Rev. Theodore Martin Hesburgh, C.S.C. (1917–2015)
A native of Syracuse, New York, he served as the president of the University of Notre Dame for thirty-five years (1952–1987). In addition to his career as an educator and author, Hesburgh was a public servant and social activist involved in numerous American civic and governmental initiatives, commissions and international humanitarian projects. Father Hesburgh received numerous honors and awards for his service, most notably the United States’ Presidential Medal of Freedom (1964) and Congressional Gold Medal (2000). He is credited with bringing Notre Dame, long known for its football program, to the forefront of American Catholic universities and its transition to a nationally respected institution of higher education. During his tenure as president, the university also became a coeducational institution. In addition to his service to Notre Dame, Hesburgh held leadership positions in numerous groups involved in civil rights, peaceful uses of atomic energy, immigration reform, and Third World development. He wanted to become a priest since the age of six. Graduating from Holy Rosary High School in Syracuse in 1934, he entered Holy Cross Seminary in the fall. In 1937 the Congregation sent him to Rome where he graduated in 1940. When the American consul in Rome ordered all U.S. citizens to leave Italy in 1940 due to the outbreak of World War II, Hesburgh returned to the United States to continue his studies. He spent three years (1940–43) studying theology at Holy Cross College and two years (1943–45) at the Catholic University of America, earning a doctorate in sacred theology in 1945. Ordained in 1943, he served as a chaplain at the National Training School for Boys and at a military installation. Although Hesburgh expressed an interest in serving as a chaplain in the U.S. Navy during World War II, he returned to Notre Dame in 1945. After retirement, Hesburgh was especially active in the development of five institutions he organized: the Ecumenical Institute for Theology Studies at Jerusalem; Notre Dame’s Center for Civil and Human Rights; the Helen Kellogg Institute for International Studies; the Kroc Institute for International Peace Studies; and the Hank Family Environmental Research Center. He died in 2015, at the age of 97. A Time magazine cover story from 1962, named him as “the most influential figure in the reshaping of Catholic higher education in the U.S.” (Information taken from various online sources.)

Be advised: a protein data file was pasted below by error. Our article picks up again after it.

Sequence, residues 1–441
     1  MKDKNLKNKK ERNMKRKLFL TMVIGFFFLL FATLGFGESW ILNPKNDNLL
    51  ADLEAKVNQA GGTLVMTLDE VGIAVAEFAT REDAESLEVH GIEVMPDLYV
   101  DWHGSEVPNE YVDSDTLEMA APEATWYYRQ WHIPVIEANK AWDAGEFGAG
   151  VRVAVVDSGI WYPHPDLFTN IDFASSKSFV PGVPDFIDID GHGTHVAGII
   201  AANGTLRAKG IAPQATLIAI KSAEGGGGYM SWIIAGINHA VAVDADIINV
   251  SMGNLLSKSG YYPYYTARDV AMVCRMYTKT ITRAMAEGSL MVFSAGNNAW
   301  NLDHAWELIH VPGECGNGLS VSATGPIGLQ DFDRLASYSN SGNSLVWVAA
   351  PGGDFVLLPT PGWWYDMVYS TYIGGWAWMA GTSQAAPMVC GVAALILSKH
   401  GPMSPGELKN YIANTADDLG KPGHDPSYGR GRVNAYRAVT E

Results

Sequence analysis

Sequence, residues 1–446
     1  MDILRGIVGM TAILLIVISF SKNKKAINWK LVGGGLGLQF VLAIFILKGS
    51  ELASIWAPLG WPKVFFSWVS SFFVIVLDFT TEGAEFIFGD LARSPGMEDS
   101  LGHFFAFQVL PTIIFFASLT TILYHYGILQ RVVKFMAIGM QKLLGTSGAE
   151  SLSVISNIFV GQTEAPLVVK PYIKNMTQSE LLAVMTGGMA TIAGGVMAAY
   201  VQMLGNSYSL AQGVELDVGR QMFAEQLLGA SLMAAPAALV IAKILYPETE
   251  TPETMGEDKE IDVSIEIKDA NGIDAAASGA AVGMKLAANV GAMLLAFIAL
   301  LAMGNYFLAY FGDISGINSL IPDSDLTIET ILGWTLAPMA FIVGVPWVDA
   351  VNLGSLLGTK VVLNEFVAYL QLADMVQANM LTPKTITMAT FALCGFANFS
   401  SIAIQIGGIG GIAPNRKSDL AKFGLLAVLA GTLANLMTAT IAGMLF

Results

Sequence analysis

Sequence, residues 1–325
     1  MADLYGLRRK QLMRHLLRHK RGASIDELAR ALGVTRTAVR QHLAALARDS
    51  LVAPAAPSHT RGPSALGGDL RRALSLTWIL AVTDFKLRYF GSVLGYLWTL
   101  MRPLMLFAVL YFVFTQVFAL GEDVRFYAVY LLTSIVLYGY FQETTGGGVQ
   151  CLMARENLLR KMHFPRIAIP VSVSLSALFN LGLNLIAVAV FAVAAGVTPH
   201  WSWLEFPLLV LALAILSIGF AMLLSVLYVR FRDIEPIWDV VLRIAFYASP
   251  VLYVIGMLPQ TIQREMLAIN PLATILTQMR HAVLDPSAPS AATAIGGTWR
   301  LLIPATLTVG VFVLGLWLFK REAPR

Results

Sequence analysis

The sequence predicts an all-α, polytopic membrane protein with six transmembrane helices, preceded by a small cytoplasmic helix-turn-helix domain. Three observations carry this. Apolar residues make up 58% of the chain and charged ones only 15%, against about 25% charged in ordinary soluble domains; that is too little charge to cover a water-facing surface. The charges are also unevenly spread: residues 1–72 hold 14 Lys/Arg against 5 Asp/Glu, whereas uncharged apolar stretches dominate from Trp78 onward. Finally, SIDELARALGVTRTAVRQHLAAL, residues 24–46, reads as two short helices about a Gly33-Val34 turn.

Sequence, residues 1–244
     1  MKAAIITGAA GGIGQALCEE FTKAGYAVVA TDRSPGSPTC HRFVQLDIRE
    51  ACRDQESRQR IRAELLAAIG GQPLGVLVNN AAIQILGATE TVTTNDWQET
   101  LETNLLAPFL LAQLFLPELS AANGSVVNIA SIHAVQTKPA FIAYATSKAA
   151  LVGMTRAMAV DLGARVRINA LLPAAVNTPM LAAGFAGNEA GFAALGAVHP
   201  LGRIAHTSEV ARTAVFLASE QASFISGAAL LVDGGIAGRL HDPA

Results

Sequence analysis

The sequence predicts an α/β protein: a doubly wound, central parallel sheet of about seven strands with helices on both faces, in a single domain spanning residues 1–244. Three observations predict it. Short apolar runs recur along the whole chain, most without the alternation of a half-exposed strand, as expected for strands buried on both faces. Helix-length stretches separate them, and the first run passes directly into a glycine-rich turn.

Brother Francis Xavier (René) Patois, C.S.C. (1820-1896)
“The usual suffrages and prayers of the members of the Congregation are requested for the repose of the soul of Brother Francis Xavier who died at Notre Dame, November 21, 1896, fortified by the Holy Sacraments. The deceased was born in Clermont, France, July 27, 1820, entered the Congregation Sept., 15, 1840, received the habit, March 22, 1841, and was professed August 22, 1841. Brother Francis Xavier was first called Brother Marie, which was afterwards changed to Brother Francis Xavier. Brother Francis was a model religious, regular at all the exercises, industrious to the very last, devoted to the Community, and led a life of great self-denial. He was a cabinet maker by trade. From the very earliest history of his life in America, in 1841, he was employed as an undertaker, and he was frequently called up at mid-night, and had to go eight or even twelve miles to attend the dead. Hundreds of times he was exposed in rains, snow-storms; perched on an uncovered hearse, slowly making his way to the Church and cemetery. The most remarkable fact in his history is that he came with Very Rev. R.[sic] Sorin in company with five other Brothers in 1841. He survived every one of that devoted band who founded Notre Dame. It would be hard to find in history a more devoted band of missionaries than the band of which Brother Francis Xavier was the survivor” (Fr. Corby: CIRCULAR LETTER, November 13, 1896). “Brother Francis Xavier, 29, an excellent Brother like[d] by everyone. A master-carpenter; Sacristan. In charge of cellar for Mass wine” (Sorin’s Memo). “Brother Francis Xavier tells of the manner of journey from St. Peter’s [New York] and arrival at South Bend: ‘We came through from Vincennes on an old stage coach, which the Bishop who sent us here picked up somewhere. It was too small a conveyance to hold us all and our baggage, so we took turns at walking. When we arrived in South Bend we stopped for several days at the home of the first Alexis Coquillard as there were no accommodations for our party at the mission. We did not ford the river, ferry it, or go over it in row boats, but crossed it on the old bridge north of the brickyard. Alexis Coquillard might have gone with us, but he was a small boy then. It was resolved that Brother Francis Xavier should be assistant and Master of Novices’” (LOCAL COUNCIL, February 25, 1850). “It was resolved that Brother Francis Xavier should make a steeple for the church of St. Joseph, South Bend” (Local Council, 1851). “Altar made by Brother Francis Xavier on which Sorin used to say Mass in the log church now in east Chapel of new extension of church” (SCHOLASTIC, 19, p.293, 1894). “. . . who has made the coffins for all who have died at Notre Dame and most likely will do the same kind office for many more before he drives the last nail into his” (Prof. Lyons, (J.A.) Silver Jubilee of Notre Dame, p. 11, 1869). “Since Father Sorin died, Brother Francis has been the Patriarch of Notre Dame; but no stranger who saw the silent, unobtrusive Brother as he moved actively about his work, would have guessed it. He wore his honors gracefully, and to the end he remained the prayerful, laborious, amiable, humble religious that he was in youth. Such men never die. They live again in every life their example has helped to sanctify” ( SCHOLASTIC, Vol. 30, p. 155, 1896).